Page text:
The GOP’s problem is that Trump is the distillation of every political strategy they’ve honed over the last several decades, and particularly ramped up over the last two. Lionizing the “political outsider”? Check! Fawning over billionaires? Check! Ratcheting up political rhetoric so that everyone who opposes you is the enemy and sick and awful? Check! Scaring the crap out of not-young white conservative Christians with the image of lawless racial and religious minorities? Check! Valorizing the tribalism of white conservative Christianity over the rule of law and the Constitution of the United States? Check!

There’s a reason why the National Republican Senatorial Committee’s executive director wants GOP candidates to “be like Trump” even as [Lindsey] Graham bleats that Trump doesn’t represent the party. Lindsey Graham, are you shitting me? Trump doesn’t just represent your party. He’s the goddamn Platonic ideal of it. You can’t spend decades preparing the way for someone like Donald Trump and then pretend to be shocked, shocked when he roars down the field, flawlessly executing your playbook.”

So here we are, facing a choice between (mostly likely) a flawed but competent Democratic candidate, and a man who should not be allowed within ten miles of the levers of constitutional power, never mind the nuclear launch codes.  Voting for this man in the general election would be a vote for anarchy and, quite possibly, the end of the Republic.  I can’t put it any simpler than that.

Everyone who gives a damn about this country needs to oppose this man.  Even if you can’t bring yourself to vote for Hillary, please, please don’t vote for Trump.  Support your preferred down-ticket candidates if you wish, but do not cast a vote for this man.  A vote for him is a bullet loaded into a revolver and aimed at the whole country.  Period.

 

 

Democracy– untidy and beautiful

I took part in the Washington State Democratic caucuses today.  It was a special day in more than one way– not only are the stakes in this election extremely high, but it was the first caucus in which my daughter was able to participate.  This simultaneously made me extremely proud and reminded me of my age.  Just a little while ago my daughter was far, far more interested in crayons and her dolls than politics…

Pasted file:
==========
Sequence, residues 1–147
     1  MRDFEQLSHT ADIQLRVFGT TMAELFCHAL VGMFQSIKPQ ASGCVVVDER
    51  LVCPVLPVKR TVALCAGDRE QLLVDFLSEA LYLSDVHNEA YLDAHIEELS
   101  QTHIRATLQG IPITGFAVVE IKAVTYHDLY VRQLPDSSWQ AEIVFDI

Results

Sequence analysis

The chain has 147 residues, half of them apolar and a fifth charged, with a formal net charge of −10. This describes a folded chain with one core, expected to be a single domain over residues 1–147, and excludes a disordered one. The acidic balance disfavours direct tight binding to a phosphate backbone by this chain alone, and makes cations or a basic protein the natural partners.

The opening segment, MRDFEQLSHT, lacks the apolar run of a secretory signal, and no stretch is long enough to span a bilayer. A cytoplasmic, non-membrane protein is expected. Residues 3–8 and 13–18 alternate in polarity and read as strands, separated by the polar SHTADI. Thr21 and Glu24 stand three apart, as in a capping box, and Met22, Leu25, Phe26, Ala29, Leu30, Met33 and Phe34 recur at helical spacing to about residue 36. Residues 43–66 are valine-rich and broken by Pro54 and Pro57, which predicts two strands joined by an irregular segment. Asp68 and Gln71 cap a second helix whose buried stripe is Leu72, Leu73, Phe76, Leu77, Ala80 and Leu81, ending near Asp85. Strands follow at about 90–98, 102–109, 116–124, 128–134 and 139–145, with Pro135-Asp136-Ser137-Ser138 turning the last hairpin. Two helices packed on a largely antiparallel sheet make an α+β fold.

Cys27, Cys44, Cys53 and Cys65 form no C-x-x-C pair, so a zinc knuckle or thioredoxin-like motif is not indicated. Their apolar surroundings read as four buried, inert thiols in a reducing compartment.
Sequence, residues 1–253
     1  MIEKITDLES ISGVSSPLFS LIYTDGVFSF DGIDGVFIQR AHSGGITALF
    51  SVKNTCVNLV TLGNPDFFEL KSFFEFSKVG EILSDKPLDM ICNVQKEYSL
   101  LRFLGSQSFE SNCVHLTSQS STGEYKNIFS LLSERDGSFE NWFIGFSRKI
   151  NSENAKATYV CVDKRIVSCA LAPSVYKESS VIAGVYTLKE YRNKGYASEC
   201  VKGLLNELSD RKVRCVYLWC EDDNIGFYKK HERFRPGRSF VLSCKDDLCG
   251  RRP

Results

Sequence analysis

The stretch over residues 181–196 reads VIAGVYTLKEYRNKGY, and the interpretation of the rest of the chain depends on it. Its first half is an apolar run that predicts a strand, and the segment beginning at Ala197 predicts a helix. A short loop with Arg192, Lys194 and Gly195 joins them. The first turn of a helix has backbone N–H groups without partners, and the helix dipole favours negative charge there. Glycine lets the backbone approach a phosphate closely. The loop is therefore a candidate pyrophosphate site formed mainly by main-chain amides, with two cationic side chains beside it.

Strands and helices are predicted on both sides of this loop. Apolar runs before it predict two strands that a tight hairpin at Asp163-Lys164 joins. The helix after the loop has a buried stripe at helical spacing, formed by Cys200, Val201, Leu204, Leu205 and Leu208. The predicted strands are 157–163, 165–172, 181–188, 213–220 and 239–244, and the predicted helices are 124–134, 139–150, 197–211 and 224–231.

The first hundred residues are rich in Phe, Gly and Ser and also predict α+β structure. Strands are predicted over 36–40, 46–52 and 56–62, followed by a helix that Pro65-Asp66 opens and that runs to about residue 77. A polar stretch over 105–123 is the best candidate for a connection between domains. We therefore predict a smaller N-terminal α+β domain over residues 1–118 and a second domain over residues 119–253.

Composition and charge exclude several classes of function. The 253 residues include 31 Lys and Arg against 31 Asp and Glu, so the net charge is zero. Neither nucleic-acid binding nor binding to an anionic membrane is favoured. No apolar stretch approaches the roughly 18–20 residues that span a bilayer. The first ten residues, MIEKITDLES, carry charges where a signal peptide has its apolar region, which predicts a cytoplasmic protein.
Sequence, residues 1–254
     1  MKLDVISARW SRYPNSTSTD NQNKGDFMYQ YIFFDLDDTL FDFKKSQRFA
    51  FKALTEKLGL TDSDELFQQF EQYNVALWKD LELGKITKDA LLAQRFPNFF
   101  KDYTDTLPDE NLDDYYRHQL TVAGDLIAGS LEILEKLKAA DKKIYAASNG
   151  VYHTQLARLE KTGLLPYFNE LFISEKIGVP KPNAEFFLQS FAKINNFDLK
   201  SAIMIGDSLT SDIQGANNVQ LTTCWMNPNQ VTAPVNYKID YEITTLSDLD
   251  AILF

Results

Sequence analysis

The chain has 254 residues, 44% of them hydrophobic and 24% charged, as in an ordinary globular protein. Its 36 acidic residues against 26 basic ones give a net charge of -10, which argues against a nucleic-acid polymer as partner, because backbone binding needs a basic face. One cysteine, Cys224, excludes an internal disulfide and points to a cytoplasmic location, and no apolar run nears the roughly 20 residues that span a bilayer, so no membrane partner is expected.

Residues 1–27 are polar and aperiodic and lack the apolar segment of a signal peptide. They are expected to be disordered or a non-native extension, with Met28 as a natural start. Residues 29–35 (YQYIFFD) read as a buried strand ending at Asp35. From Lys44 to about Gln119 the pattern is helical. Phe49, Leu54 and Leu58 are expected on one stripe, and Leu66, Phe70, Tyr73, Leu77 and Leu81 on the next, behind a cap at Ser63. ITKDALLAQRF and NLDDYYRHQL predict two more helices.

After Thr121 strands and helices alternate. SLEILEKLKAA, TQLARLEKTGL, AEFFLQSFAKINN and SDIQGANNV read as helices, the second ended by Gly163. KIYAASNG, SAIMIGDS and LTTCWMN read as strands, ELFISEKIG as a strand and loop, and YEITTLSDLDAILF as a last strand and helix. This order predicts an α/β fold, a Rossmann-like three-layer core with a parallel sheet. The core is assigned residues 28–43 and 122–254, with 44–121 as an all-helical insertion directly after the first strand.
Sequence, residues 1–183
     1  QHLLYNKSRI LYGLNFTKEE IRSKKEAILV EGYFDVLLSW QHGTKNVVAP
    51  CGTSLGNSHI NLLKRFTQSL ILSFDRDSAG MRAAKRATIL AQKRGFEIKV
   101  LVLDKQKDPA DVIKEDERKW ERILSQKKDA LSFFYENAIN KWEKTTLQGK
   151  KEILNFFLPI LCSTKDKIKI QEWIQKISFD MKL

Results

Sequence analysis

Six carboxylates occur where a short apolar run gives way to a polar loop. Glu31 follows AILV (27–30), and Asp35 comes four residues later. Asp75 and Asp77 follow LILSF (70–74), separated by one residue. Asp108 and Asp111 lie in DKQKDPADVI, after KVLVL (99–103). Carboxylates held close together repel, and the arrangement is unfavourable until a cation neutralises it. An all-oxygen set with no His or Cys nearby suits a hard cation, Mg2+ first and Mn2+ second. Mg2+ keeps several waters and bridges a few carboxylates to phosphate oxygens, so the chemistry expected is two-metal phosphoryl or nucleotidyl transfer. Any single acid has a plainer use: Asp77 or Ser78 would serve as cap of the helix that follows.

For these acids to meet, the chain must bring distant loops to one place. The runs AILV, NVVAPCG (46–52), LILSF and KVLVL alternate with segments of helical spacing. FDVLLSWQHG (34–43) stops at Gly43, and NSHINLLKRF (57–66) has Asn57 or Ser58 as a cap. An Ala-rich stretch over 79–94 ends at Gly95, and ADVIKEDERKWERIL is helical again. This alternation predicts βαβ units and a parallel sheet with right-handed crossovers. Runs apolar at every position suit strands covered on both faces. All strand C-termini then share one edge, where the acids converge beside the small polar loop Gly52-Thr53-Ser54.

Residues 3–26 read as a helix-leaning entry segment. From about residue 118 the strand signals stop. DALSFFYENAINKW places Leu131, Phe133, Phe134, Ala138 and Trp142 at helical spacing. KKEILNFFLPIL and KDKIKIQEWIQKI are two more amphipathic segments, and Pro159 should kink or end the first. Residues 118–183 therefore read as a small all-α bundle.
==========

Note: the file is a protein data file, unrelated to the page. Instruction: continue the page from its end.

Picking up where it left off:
Our district caucus was held at one of our local high schools.  We arrived early, but not early enough– the school parking lot was jammed, and street parking was quickly filling up.  I dropped my wife and daughter off, and then had to find parking seven blocks away.  This made my hike back to the high school a bit of a chore, as I am nursing a sprained knee (and a possible meniscus tear– medical assessment in progress).

But I wasn’t going to miss this caucus.

The caucus was wall-to-wall with people– quite probably the largest number of people I have ever seen at a caucus in this state.  People congregated by precinct, and the subsequent discussion was passionate, but generally respectful.  In the end Bernie Sanders took three-quarters of our precinct vote, Hilary Clinton one quarter, which, at the moment, roughly matches the proportion of the vote state-wide.

It was good, face-to-face grass-roots democracy, and nobody called anybody names, and nobody got into a fistfight.  It gives me hope, seeing so many people engaged and looking for change.

Because, frankly, in this country we need hope, and we need change.  There is a real sense that our essential democracy is slipping away.  Working people are getting profoundly shafted, and our republic is in danger of becoming a plutocratic oligarchy.  I am convinced that if certain people from the other party become president (by which I mean all of them, but some more than others) the danger to the country will move from chronic to acute.  We need a political revolution in this country to restore our democracy, and to point the US toward a future that includes everyone.